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A brief history of U’s relationship with the LDS Church

Paul Reeve is a professor of history at the University of Utah and the chair of Mormon studies.

Shortly after settlers from The Church of Jesus Christ of Latter-day Saints began arriving in the Salt Lake Valley in 1847, leader Brigham Young organized a board of regents to establish a university. On Feb. 28, 1850, the General Assembly of the provisional State of Deseret founded what is now the University of Utah. Not only was the school Utah’s first institution of higher learning, but it’s also the oldest state university west of the Missouri River. 

“The very founding of the university is an indication of the value the Latter-day Saints placed on education in what was at the time a remote, western community,” said Paul Reeve, a professor of history and the Simmons Chair of Mormon Studies at the U. 

Though the school’s founding is closely tied to the LDS Church, there are elements of tension that exist between the two institutions. In 1915, a third of the university’s faculty resigned to protest the firing of five faculty members due to critical remarks made about Utah’s governor during a commencement speech. While some felt the firings were part of a general pattern of repressing potentially offensive expression, others believed it was a result of the church’s influence over the school. 

“There is a perception, whether right or wrong, among some people that the University of Utah is anti-Mormon or hostile in some sort of way to the Church of Jesus Christ of Latter-day Saints,” Reeve said, “even though many members of the church’s leadership have graduated from the University of Utah and a significant portion of the university’s student body are members of the Latter-day Saint faith.” 

Reeve noted there are many reasons why such sentiments exist, including that universities employ faculty members from around the world.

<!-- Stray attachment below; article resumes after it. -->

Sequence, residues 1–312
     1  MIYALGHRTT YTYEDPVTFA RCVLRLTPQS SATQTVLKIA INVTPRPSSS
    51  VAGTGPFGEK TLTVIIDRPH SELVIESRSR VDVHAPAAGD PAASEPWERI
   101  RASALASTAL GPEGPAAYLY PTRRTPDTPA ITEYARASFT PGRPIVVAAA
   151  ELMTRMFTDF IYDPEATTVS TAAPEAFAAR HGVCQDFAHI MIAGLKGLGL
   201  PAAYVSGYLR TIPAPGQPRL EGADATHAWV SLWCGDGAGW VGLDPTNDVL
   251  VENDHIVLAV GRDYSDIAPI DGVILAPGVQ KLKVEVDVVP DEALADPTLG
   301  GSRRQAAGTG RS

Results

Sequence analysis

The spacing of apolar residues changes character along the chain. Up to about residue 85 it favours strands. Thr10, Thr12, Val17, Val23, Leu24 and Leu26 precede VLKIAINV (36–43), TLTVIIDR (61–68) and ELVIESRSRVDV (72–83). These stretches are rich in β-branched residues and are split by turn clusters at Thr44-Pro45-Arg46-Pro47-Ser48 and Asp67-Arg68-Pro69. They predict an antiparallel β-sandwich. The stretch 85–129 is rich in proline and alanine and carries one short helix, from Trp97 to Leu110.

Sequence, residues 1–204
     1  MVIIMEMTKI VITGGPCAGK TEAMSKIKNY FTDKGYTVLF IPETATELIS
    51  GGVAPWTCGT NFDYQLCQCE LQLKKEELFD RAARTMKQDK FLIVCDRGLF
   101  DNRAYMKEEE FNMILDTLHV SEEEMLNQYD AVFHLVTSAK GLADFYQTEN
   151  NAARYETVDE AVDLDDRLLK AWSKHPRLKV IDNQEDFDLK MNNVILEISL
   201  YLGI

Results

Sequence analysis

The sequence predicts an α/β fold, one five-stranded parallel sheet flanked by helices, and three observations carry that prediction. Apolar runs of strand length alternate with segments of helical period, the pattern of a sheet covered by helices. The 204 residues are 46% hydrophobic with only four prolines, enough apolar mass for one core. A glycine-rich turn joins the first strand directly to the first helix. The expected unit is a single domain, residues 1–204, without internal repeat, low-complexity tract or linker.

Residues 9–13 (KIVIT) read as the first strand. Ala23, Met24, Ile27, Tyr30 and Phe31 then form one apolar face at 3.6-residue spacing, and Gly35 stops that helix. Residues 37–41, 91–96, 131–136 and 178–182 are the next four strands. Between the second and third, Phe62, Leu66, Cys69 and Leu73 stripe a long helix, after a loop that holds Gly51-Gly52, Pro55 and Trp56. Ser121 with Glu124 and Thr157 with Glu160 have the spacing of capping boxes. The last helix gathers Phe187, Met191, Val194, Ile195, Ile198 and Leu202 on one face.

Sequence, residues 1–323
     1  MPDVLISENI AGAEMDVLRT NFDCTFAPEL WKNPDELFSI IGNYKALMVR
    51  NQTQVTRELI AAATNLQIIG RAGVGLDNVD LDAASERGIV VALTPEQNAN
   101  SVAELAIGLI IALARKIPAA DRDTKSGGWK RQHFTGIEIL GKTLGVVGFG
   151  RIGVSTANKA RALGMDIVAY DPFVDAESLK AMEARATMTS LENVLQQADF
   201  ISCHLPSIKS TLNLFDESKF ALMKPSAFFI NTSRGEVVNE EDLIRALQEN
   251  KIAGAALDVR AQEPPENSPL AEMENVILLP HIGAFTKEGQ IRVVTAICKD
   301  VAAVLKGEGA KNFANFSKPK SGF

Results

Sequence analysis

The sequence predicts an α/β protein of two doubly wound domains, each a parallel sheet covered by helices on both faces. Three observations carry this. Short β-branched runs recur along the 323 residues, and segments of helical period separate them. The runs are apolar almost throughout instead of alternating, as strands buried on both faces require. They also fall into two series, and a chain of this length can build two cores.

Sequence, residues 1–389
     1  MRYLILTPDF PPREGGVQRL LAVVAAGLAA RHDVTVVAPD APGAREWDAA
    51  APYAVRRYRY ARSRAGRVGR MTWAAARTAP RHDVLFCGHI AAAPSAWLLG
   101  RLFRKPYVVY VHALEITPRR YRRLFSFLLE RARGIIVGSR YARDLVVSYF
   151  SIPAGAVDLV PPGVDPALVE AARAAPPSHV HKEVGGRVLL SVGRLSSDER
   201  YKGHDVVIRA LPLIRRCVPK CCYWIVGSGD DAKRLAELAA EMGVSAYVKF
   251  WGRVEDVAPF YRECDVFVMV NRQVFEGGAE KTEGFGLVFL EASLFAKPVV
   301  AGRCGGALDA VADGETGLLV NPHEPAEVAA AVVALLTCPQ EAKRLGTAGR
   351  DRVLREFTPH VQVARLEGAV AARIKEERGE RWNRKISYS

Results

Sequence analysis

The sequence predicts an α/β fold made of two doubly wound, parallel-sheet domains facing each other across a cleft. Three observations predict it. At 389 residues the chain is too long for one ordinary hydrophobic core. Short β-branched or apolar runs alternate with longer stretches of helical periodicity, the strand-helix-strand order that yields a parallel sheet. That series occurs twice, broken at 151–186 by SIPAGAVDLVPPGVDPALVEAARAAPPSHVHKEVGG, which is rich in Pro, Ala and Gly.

“This brings people who didn’t grow up in Utah to live in Utah,” Reeve said. “And when you have what is perceived as perhaps a monolithic kind of faith group that tends to be, especially since the 1970s, politically conservative, while in contrast, those who work at the University of Utah tend to be more politically liberal, you are obviously setting up a scenario for potential tension.”

It’s also pretty natural for people to kick against a dominant culture, whatever that is, Reeve said. Because politics and religion are deeply intertwined in Utah, he added, it can be hard to determine what members of the university community are pushing back against. 

“The Church of Jesus Christ of Latter-day Saints plays an outsized role in the state’s politics and in issues in the state. Sometimes that plays well amongst the university community,” he said. “The LDS Church’s stance on immigration and welcoming refugees tends to align with values espoused by many in the university community. But its stance on LGBTQ issues tends to run counter to those values.”

From Reeve’s perspective, one way the relationship between the LDS Church and the U is being reshaped is through the creation of the U’s religious studies major which includes a course that explores not only the LDS Church but all religious traditions that trace their roots to church founder Joseph Smith or accept the Book of Mormon as scripture.

“I think this has helped the University of Utah to see this as a religious tradition that can be studied in an academic way and treated with respect in the same kind of way as the other religious traditions,” Reeve said. 

Reeve also noted the school has a Mormon Studies Initiative that fosters research, writing, funding, teaching, and the hosting of conferences and workshops related to the study of various Mormon traditions, in addition to the only Mormon Studies graduate fellowship in the world.

“We offer a welcoming community for the study of this religious tradition,” Reeve said.